View Full Version : Wild Turkeys
Mar. 4, 2012, 09:30 AM
Anyone know if wild turkeys eat yellow jackets?
We have quite a group of turkeys living in our woods and frequenting our yard. Would love it if they would find and decimate that pesky yellow jacket nest somewhere in the nearby woods - I am so tired of dodging those things all summer long while trying to clean/fill my hummingbird feeders and do other yard work!
Mar. 4, 2012, 09:48 AM
Most likely not, considering they don't want to get stung just as much as you or I! LOL!
Mar. 4, 2012, 10:07 AM
We have yellow jackets and wild turkeys and have never known the turkeys to really eat any bees.
Turkeys here eat many seeds and crickets and beetles of all kinds and just bugs that crawl or hop, not really flying insects.
I guess if they came across one just walking on the ground, they would not ask if it sting, just eat it.:lol:
Mar. 4, 2012, 03:24 PM
Doubtful they will go after them...
Mar. 4, 2012, 05:26 PM
Nope. Their bare heads alone should tell you that turkeys won't be interested in wasps or bees.
Mar. 4, 2012, 06:03 PM
If you want to help control ground dwelling wasps look for Red Velvet Ants. They are around, but people often kill them. Theynlook fearsome but won't bother you. If you have them, they will help control wasps/bees in your yard.
They lay their eggs in the wasp larvae.
Mar. 4, 2012, 06:09 PM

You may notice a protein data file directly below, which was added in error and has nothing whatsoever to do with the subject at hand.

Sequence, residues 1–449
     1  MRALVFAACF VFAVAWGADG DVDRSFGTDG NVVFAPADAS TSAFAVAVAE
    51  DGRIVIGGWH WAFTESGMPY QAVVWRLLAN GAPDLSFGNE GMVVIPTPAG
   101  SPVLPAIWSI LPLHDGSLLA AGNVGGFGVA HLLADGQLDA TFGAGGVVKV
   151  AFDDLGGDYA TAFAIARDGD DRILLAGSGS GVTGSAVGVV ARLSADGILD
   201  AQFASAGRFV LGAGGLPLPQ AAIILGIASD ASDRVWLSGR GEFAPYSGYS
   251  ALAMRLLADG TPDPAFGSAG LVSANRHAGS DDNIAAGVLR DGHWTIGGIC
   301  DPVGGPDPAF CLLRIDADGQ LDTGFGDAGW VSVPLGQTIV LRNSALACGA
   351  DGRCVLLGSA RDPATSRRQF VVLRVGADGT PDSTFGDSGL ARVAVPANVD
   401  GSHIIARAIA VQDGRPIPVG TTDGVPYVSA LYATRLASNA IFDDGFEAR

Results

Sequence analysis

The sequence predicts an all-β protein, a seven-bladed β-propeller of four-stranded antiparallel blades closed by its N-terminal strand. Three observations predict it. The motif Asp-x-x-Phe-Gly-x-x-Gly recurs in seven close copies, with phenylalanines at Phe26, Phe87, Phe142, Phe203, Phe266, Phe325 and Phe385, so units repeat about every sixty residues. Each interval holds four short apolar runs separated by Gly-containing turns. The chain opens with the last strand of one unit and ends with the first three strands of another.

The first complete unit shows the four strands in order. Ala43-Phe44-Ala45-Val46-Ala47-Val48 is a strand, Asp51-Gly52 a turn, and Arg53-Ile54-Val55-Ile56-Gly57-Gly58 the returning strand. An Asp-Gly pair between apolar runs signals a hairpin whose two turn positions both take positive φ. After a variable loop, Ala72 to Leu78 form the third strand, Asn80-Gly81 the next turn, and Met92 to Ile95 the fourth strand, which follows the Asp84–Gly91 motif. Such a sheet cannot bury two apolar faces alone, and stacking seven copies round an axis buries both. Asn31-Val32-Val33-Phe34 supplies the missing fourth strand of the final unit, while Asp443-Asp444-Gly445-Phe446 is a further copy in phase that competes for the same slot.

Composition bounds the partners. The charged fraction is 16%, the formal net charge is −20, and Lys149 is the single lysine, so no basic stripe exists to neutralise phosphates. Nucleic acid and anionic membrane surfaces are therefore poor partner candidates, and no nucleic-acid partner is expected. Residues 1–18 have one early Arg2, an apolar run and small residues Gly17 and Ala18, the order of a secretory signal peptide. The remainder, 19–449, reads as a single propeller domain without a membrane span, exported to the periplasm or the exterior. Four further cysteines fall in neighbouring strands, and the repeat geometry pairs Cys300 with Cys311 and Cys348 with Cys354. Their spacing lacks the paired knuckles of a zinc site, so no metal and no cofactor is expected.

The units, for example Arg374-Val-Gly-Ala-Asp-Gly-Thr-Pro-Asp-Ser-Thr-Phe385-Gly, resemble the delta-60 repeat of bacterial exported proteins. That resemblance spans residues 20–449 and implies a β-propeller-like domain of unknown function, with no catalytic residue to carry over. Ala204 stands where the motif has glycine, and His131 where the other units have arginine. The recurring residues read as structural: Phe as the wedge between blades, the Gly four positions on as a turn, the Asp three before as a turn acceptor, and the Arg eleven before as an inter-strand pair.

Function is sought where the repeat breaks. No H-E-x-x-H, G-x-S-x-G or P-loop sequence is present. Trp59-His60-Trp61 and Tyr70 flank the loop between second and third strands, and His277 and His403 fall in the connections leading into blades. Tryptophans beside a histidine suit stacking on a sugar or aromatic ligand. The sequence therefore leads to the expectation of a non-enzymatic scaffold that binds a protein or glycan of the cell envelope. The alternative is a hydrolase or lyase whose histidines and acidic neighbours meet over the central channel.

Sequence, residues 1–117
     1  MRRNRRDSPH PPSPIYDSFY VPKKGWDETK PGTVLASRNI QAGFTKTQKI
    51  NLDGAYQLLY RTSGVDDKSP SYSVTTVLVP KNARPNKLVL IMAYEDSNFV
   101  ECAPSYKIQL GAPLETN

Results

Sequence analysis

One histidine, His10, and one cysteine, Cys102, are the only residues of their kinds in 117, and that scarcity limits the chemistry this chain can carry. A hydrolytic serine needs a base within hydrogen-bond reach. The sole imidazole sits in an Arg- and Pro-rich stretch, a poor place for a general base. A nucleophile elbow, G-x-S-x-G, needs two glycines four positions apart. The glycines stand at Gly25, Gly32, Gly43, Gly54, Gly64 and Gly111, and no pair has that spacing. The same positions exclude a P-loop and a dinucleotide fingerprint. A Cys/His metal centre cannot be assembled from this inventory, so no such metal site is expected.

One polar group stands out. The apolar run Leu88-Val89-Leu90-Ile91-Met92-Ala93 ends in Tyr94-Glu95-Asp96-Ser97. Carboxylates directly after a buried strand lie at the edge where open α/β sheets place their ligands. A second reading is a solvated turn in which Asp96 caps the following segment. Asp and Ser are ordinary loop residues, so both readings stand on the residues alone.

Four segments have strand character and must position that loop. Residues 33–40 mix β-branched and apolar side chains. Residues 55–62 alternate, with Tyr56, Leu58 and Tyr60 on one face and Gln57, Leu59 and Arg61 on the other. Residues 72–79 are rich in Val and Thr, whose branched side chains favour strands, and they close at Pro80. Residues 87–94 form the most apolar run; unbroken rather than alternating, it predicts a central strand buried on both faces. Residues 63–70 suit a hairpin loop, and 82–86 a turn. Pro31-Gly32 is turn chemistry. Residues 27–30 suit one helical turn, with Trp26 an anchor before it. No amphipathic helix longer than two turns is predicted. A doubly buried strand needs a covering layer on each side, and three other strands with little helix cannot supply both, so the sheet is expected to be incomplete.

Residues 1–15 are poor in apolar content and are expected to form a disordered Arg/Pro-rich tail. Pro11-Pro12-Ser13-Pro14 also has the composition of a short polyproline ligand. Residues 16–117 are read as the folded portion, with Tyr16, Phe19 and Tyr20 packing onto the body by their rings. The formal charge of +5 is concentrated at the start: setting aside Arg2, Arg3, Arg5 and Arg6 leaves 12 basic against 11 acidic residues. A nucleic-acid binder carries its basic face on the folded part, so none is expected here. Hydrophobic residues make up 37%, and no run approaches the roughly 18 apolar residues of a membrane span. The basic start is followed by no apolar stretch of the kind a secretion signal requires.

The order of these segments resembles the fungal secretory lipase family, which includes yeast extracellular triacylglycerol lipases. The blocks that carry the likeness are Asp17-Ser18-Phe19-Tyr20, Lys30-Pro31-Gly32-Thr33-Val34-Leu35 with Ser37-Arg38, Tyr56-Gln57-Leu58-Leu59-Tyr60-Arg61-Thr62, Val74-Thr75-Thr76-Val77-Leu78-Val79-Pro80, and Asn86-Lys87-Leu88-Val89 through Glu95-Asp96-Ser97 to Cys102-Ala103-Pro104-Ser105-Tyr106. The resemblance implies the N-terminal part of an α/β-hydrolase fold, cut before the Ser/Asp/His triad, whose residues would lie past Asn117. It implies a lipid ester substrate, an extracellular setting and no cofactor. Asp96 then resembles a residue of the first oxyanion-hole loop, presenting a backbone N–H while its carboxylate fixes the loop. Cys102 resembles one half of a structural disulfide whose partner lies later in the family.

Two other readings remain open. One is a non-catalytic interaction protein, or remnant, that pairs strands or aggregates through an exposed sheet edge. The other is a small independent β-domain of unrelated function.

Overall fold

Ours are taken care of by our all-too-resident skunk population. They LOVE bee/wasp larvae, & their thick fur helps to protect them from stings as they dig out the nest in search of their "worm candy". We've had more than one Yellow Jacket nest dug out & destroyed overnight by skunk.
In fact, skunk can become quite a problem for beekeepers because of their lust for larvae. They don't give a whit about the honey, but the bee larvae & pupae? Skunk yummies.
Mar. 4, 2012, 08:15 PM
The praying mantis loves a good insect-based diet.
This natural wasp killer will wait completely still until it quickly snaps up and traps victim wasps flying by.
The praying mantis will discard the head of a wasp shortly after catching it, and continue to suck the nutritious content from its thorax, until devoured.
Some species of birds, like the purple martin, eat many insects including wasps.
A purple martin is the largest American swallow, and spends most of its life in flight feeding upon flying insects.
Many people build homemade nest boxes to house a purple martin, so it will control insect problems.
Adult dragonflies will also hunt prey while they are in flight.
Flies Moths Beetles Wasps
Black bears are the least carnivorous in their species, and maintain a diet of things like berries, herbs and protein-rich insects, like wasps.
Black bears are most likely to eat wasps in the summer, because they need the protein for energy.
Wisconsin, badgers play football, but in the wilderness they eat wasps.
Badgers will dig up a wasp nest, slurping up the larvae and additional wasp food base
Each of these animals work their part in the ecosystem eating wasps; however, controlling pests as a homeowner must be handled in a different way —unless you want to eat the flying critters.
There are natural wasp killers that you can explore, without having to get a pet badger.